“For example, Cape May is an old, historic town with many narrow streets,” Finnigan pointed out. “You don’t have room to swing. We often have jobs like that where space is at a premium, so these machines are ideal. That’s the beauty of the tight tail swing — we can get a bigger machine into a smaller area.”
In addition to the six Komatsu excavators, P&D also owns a Komatsu WA200 wheel loader and frequently rents equipment from Binder. The company currently has a PC308 excavator on rental, which it may soon convert to a purchase if the work load justifies it.
“We demo’d the PC308 against a competitive machine and the operators liked the Komatsu machine better,” Bob reported. “The Komatsu excavator was much quieter inside and had much more room inside the cab.
“When we need a machine, we call our sales representative Patrick Warren and he gets us what we want, when we want it,” Bob commented. “I know I can depend on him and on Binder.”
P&D’s Komatsu machinery has also demonstrated dependability. “We’ve had the two PC40s since 2001,” Anthony explained. “Other than basic maintenance and basic wear, they have never let us down.”
P&D officials said the service Binder Machinery Company provides has been just as reliable. Machines that are not operating mean money lost, so they need to be up and running to be productive. Shawn Mulvenna is the Binder product support representative who serves P&D.
“Binder has good service, and when something goes wrong, they get on the job quickly,” Bob reported. “Service is the important thing. Our equipment is the lifeblood of our business. We don’t do anything without it, and if we can’t count on the service from the distributor, then it just won’t work. We can count on Binder.”
P&D Construction also has a group of quality employees it counts on. The company currently has four crews and approximately 30 employees. Anthony’s brother-in-law, Ed Snodgrass, runs the shop. Marcia Haines works in the office and handles payroll and accounts payable. Teresa Gerbereux deals with contract administration, receivables and billings.
Finnigan said keeping a close eye on job costs and adding quality employees have been fundamental to P&D’s growth.
“Good people make the difference,” Finnigan insisted. “If you have good people, you’re going to get good work. We’ve managed to assemble four great crews. When it’s slow, we would rather pay them to sit at home than have them potentially go somewhere else. Our people have had the biggest impact on our growth and productivity.”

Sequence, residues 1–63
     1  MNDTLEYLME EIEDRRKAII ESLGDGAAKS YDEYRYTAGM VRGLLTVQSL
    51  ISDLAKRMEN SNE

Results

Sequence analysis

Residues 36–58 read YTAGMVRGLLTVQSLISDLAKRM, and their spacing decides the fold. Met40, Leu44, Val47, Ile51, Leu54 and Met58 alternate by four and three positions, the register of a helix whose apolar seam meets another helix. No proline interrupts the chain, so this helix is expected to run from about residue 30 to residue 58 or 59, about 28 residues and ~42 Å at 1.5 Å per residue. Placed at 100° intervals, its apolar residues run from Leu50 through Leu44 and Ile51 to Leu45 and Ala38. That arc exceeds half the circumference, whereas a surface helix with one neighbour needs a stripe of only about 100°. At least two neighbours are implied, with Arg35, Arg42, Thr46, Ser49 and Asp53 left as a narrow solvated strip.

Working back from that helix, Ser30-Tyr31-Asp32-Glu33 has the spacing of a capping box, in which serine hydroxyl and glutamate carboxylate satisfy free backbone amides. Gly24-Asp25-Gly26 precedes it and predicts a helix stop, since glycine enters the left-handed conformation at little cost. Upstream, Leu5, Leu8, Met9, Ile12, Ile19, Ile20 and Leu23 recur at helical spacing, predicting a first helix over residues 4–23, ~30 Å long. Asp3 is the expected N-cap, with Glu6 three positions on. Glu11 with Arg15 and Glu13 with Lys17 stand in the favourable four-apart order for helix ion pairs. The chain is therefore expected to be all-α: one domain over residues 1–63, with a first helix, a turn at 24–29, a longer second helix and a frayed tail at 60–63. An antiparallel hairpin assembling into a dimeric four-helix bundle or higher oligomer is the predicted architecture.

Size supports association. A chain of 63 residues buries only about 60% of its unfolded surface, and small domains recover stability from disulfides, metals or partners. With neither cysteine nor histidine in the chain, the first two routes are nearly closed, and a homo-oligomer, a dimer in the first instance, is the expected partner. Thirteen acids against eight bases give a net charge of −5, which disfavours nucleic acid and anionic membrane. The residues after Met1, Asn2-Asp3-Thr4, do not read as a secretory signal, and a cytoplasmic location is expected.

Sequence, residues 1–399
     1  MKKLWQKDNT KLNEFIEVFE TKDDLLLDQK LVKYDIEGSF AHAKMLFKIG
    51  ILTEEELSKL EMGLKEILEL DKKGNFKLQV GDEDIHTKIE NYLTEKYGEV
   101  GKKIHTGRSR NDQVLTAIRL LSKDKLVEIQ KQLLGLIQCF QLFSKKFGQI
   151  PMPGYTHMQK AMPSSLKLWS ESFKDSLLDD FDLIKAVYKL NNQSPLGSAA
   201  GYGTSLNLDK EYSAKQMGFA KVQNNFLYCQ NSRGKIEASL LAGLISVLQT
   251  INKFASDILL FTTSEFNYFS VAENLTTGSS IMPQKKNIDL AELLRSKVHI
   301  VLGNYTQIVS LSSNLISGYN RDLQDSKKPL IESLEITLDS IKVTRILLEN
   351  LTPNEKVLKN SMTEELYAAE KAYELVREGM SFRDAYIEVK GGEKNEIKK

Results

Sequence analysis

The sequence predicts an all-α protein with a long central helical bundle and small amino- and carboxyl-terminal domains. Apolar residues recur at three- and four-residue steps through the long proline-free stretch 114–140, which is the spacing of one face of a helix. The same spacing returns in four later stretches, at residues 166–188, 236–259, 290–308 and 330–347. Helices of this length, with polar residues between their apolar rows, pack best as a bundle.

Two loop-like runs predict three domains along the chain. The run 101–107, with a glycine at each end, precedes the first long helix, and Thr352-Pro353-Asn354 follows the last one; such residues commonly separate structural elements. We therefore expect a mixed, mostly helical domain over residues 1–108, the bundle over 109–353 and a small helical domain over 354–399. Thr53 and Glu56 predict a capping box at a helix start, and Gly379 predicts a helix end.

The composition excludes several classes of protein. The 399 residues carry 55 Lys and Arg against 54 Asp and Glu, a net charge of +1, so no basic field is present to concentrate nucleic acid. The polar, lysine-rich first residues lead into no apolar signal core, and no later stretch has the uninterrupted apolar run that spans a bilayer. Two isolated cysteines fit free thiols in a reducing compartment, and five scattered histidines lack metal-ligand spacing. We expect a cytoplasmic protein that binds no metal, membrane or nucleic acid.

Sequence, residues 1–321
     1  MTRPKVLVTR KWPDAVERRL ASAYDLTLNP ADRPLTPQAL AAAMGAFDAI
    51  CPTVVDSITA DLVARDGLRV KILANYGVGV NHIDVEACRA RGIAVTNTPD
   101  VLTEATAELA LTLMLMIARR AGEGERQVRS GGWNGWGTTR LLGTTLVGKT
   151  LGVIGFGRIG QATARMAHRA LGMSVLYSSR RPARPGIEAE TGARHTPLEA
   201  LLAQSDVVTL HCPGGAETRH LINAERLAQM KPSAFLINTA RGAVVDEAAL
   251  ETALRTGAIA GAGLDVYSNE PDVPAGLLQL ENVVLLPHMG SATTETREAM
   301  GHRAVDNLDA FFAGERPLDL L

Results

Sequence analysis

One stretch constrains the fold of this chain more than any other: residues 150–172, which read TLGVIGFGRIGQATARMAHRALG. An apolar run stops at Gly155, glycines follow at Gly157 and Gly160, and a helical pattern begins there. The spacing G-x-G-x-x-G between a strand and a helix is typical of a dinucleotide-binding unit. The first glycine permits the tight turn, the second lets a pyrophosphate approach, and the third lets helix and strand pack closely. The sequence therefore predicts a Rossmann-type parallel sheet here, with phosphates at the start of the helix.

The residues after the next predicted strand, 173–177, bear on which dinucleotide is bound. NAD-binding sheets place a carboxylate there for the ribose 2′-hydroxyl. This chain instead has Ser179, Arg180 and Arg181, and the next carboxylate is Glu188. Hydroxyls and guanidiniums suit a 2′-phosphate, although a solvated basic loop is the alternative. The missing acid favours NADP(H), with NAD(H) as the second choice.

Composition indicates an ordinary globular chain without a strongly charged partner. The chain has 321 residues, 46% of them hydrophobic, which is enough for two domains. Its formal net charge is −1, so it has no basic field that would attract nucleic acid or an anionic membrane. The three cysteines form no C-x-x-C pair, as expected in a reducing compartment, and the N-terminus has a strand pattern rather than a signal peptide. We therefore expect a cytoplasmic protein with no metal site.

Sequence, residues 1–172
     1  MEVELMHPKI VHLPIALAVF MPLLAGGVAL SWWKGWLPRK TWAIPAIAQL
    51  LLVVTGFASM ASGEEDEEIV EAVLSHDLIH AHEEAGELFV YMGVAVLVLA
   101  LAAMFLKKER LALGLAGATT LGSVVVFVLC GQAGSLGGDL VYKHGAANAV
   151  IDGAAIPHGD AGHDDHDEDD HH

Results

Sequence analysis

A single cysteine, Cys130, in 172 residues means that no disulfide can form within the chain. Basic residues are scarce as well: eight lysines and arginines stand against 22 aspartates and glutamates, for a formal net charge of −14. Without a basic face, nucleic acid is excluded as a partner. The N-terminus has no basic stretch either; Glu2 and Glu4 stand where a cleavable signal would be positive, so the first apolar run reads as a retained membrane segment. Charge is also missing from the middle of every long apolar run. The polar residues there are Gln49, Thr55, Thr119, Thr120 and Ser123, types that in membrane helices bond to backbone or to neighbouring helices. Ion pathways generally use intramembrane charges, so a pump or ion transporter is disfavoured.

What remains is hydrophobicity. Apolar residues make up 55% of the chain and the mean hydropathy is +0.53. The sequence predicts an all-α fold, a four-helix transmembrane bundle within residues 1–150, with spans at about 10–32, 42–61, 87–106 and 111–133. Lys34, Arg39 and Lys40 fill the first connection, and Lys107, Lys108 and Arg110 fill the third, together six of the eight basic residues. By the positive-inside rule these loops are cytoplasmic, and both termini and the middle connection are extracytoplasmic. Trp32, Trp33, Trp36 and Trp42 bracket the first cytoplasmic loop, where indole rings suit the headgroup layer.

The company handles 25 to 30 projects a year ranging from $200,000 to $4 million. The future may offer more opportunities for growth, but P&D officials said they’re comfortable with the company’s current size.
“Right now, I think we’re at a size where we can still manage the bidding, keep our finger on the pulse of the jobs, and know the faces of the people who are working out there,” said Finnigan. “I don’t know that we’d want to be a company where the management and the work don’t necessarily cross. In order to be successful, we have to know what we’re doing out there and I don’t think we would be very comfortable moving away from that.”
A New Name
One thing P&D Construction is moving away from is the name of the company. At the end of the year, Finnigan is becoming a partner, and the name of the company will change to Perna Finnigan Incorporated, or PFI.
But the level of service everyone has come to expect from P&D Construction will remain the same.
“We’re good people and we do good work,” stated Finnigan. “We work as a family. If business is good, it’s good for everybody, not just those of us running the company. It would be easy when times are good to just load up our pockets and not worry about everybody else, but that’s not going to help us in the long run because when times are bad, that’s when we need people to help us out.”
Fortunately, for P&D Construction, the past few years have been good. As the company moves forward as PFI, it expects the good times to continue.
(This article appears courtesy of “Building With Binder” magazine.)
Today's top stories